Attacus atlas ♀
The Great Atlas Moth, one of the largest lepidopterans: the butterflies, moths, and skippers. Both forewings have a prominent extension at the tip, with markings that resemble the head of a jungle snake, a resemblance which is exaggerated by movements of the wings when the moth is confronted by potential nearby predators. The Atlas moth has no mouth really, and they do not eat once they have emerged from the cocoon, relying on fat storage for energy. This is the last stage of their life cycle. Every flight takes valuable energy and can take days off their already short lives; as it has a very short life span of only one to two weeks.
In general, the females are bigger than the males, and the males have enhanced, wider and longer feathery antennae. Also, the males "windows" or transparent white spots are more triangular, whereas the females is more tear drop shaped. Both have incredible coloration with the males being a little darker and the females having some white frosting.
RETURNS & REFUNDS
- While we try our best to depict the actual colors & design of our butterflies & other insect artworks on our website, we cannot guarantee that the insect & its artwork design you receive will be identical in color, shade or size as the one you see on our website.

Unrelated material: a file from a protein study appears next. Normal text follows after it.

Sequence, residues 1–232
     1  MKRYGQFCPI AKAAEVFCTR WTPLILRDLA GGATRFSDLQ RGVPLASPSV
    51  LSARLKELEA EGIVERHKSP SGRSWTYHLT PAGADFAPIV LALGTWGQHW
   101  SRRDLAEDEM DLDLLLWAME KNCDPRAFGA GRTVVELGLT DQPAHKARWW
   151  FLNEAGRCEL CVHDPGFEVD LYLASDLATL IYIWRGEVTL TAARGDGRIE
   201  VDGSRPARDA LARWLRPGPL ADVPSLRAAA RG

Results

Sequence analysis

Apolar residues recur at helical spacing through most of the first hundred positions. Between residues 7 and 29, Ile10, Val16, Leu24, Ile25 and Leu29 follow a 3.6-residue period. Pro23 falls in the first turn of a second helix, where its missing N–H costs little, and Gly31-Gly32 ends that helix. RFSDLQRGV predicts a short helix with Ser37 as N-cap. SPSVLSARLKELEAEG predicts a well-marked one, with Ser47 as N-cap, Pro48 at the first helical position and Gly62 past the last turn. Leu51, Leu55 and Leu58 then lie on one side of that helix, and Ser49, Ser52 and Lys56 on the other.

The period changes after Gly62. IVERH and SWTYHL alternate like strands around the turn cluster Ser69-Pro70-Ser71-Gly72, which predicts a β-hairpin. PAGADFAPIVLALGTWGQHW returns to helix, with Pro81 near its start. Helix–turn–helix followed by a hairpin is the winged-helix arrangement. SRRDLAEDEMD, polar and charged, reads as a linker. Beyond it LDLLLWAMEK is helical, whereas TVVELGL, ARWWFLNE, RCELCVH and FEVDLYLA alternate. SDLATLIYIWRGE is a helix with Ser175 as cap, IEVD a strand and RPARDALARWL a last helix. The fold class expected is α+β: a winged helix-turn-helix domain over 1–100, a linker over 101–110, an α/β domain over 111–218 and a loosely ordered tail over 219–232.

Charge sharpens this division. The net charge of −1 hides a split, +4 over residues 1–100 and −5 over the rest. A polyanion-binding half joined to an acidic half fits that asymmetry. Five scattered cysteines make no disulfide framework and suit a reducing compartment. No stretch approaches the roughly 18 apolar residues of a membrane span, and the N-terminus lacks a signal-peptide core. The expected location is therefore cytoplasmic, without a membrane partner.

- Our frames are not air-sealed. This will allow you to repair your butterfly, beetle or other insect should it become necessary. Since our insects specimens have been professionally preserved and dried, we guarantee that your display will last and look wonderful for a very long time. Therefore, air sealing is merely a personal choice and not a necessity. This also allows for inside frame cleaning from time to time such as interior glass due to organic out gassing over time and is natural.
- We may substitute a different size frameset (in same color) depending on variability aspects such as insect size and product availability.
- Most artworks are shipped within a week of ordering but may require a few days longer to prepare some insects.
- Due to some insects having extremely fragile antennae, we may remove them preemptively because they rarely ship successfully.